Tsuga canadensis (Eastern Hemlock, Canadian Hemlock)

Eastern Hemlocks have been grown as excellent screens and shade trees due to their general tolerance of pests and diseases. They feature soft, tiny foliage with minuscule light-brown cones. T. canadensis also grow slowly and typically with only one trunk, making them ideal for bonsai. However, the emergence of hemlock woolly agelids (Adelges tsugae, abbreviated HAW) have led to striking decreases in hemlock populations, drastically reducing hemlock populations across North America. However, these hemlocks can survive in colder zones than these terrible pests, offering a refuge in northern areas.

Tsuga canadensis (Eastern Hemlock, Canadian Hemlock)
Deciduous: no
Hardiness Zones: 3-7, dislike temperatures above 35 degrees Celsius (95 degrees Fahrenheit)
Height: 12-21 meters (40-70 feet) tall usually, recorded to reach 53 meters (175 feet) tall
Diameter: 7.5-10.5 meters (25-35 feet) tall
Growth Rate: slow
Age: reaches maturity around 300 years old, may persist to 800 years old
Root System: minimal surface roots, typically shallow, deeper when water availability permits
Family: Pinaeae
Subspecies: ‘Bennett’ (globular dwarf), ‘Sargentii’ (dwarf, to 4 meters (12 feet) tall by 6 meters (20 feet) wide at 80 years old), ‘White Gentsch’ (round, flat dwarf)

Tolerates: Black Walnut (Juglans genus) toxins (Juglones), herbivores (deer), dense/heavy shade (in southern, warmer areas), most pests
Problems (major): Sun-scald, drought, dry soils, and high temperatures (above 95 degrees Fahrenheit) in warmer climates in sunny areas. Hemlock woolly adelgid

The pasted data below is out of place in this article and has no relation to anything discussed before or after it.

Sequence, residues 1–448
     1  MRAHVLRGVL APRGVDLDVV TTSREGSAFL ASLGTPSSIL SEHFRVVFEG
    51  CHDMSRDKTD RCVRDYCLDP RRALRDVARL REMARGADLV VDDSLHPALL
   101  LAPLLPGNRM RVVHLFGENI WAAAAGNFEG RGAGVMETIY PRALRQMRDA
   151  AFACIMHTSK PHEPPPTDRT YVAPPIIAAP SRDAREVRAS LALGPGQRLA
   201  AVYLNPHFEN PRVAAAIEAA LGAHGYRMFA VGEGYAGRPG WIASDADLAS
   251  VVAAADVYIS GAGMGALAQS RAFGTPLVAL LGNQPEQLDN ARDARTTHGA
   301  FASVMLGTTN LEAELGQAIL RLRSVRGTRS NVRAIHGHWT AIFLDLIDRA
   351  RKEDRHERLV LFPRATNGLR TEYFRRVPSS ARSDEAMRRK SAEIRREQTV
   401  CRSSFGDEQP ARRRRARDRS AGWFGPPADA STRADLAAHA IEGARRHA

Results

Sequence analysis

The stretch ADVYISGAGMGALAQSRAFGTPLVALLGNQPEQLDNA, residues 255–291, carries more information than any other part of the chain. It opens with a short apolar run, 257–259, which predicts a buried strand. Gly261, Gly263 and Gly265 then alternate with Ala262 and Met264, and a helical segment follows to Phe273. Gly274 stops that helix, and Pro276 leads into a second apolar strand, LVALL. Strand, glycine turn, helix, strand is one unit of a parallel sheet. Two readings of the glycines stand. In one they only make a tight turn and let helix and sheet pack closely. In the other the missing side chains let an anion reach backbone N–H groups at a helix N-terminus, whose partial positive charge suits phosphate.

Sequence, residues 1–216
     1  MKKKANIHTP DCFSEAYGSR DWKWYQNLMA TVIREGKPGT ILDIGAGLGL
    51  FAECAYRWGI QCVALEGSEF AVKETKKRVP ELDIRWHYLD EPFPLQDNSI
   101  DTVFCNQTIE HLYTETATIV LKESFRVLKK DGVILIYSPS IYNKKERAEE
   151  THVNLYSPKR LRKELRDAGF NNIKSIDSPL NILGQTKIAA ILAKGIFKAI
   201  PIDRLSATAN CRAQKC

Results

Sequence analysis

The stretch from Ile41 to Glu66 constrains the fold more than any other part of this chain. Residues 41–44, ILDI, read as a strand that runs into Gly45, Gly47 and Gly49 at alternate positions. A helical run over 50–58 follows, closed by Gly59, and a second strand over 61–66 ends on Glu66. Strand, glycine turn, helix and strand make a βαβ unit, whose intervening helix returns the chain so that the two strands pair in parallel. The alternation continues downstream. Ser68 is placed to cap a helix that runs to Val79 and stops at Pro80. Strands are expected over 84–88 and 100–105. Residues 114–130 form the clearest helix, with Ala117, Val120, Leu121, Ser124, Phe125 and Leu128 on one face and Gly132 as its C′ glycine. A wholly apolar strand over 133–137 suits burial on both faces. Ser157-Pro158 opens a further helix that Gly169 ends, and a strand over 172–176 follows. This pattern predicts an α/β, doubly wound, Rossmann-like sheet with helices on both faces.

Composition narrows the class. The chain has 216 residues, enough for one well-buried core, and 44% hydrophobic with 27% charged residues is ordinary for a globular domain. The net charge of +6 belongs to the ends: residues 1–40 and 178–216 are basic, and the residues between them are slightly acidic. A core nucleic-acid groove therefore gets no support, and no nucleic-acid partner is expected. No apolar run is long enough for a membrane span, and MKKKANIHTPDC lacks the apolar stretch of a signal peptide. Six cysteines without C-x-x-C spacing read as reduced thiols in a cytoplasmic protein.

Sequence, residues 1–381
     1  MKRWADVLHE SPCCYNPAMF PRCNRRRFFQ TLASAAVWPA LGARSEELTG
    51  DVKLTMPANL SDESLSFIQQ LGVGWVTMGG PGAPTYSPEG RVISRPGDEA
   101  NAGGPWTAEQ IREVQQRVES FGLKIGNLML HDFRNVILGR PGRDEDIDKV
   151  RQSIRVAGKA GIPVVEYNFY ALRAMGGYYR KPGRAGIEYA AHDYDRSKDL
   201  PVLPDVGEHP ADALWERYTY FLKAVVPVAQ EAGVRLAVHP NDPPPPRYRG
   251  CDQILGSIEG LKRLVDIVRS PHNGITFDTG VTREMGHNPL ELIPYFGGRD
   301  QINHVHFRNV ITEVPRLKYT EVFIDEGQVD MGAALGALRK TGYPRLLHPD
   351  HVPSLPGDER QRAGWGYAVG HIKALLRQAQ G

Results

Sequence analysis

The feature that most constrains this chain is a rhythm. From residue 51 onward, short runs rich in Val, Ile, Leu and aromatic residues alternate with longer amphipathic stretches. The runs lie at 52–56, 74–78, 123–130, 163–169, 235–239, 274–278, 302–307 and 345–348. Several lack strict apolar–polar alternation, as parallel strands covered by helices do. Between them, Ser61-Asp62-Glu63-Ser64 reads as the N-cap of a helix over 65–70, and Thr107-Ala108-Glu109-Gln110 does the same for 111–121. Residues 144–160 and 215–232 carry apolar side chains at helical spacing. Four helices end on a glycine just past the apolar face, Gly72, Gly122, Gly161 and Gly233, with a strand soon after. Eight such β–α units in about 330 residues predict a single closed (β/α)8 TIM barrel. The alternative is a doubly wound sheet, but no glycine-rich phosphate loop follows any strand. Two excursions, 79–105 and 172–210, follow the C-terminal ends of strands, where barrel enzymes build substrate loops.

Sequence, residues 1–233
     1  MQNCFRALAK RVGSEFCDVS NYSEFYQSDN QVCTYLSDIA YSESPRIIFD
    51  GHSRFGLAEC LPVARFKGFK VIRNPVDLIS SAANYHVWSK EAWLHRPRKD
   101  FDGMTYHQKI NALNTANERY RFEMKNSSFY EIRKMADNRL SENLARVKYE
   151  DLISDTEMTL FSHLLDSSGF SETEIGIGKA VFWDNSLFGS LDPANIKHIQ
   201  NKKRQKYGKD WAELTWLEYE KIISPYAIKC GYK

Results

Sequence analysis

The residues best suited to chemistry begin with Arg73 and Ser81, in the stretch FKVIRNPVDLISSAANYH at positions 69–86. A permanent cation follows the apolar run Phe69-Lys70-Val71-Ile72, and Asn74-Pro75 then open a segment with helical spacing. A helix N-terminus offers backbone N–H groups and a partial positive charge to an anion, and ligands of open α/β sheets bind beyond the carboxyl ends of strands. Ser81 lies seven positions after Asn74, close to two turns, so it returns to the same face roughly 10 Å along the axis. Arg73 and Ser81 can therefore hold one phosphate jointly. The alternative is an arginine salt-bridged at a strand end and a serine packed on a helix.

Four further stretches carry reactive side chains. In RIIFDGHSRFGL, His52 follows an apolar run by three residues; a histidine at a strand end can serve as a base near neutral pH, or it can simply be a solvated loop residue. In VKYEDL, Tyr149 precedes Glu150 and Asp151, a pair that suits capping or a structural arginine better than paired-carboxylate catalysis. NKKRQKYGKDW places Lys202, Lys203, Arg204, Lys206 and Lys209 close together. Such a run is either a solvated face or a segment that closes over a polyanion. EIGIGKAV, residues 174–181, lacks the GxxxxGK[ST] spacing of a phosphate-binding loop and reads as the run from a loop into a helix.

(HAW) are extremely minuscule insects that have killed an enormous amount of hemlock trees, especially in warmer climates where the HAW can overwinter.
Problems (minor): needle blight, cankers, rusts, root rot (in overly wet soils), bagworms, borers, leaf miners, saw flies, spider mites
Poisonous: No, Poison Hemlock plants belong to an entirely different family.

Soil requirements: prefers moderately moist, acidic, well-drained light/sandy or moderate/loamy soils
Air requirements: intolerant of poor air quality (urban pollution)
Watering requirement: moderate to high (higher in southern regions)
Sun requirement: full sun (northernmost range) to part-shade to full shade (warmest southern climates)

Needles: lacy, soft, dark green (light green when newly formed), appear in flat sprays, to 1 centimeter (0.5 inches) long, 2 white lines/bands (stomata) on the underside
Cones (male): yellow, tiny, globular
Cones (female): small, light green when newly formed, light brown at maturity, to 2 centimeters (0.8 inches) long
Seeds: tiny, light brown
Bark: grayish-brown when young, maturing to less smooth and reddish-brown
Form: wide, conical
Seeds require stratification: yes
Monoecious or Dioecious: monoecious

Notable characteristics:
Eastern Hemlocks have a pyramidal growth form. The needles of this particular conifer are the smallest in its genus. The foliage and branching patterns are adept at handling copious amounts of snowfall.

Canadian Hemlocks, in areas not affected by HAW, are excellent screen and shade trees. These tend to perform in the cooler part of their range, as the HAW are not as cold hardy as these hemlocks. These are occasionally used as bonsai because of their tiny foliage.

Sources used:

Several cones alongside foliage at Southern Illinois University Carbondale

An older, more rigid trunk

Cones and foliage

Cones and foliage

Foliage and branches at the Missouri Botanical Garden

All of the images provided were taken by me. They may be used for educational/informational purposes only, provided that this article/online journal is appropriately cited first.


Leave a comment

Filed under Plant Analysis

Leave a Reply

Fill in your details below or click an icon to log in:

WordPress.com Logo

You are commenting using your WordPress.com account. Log Out /  Change )

Google+ photo

You are commenting using your Google+ account. Log Out /  Change )

Twitter picture

You are commenting using your Twitter account. Log Out /  Change )

Facebook photo

You are commenting using your Facebook account. Log Out /  Change )


Connecting to %s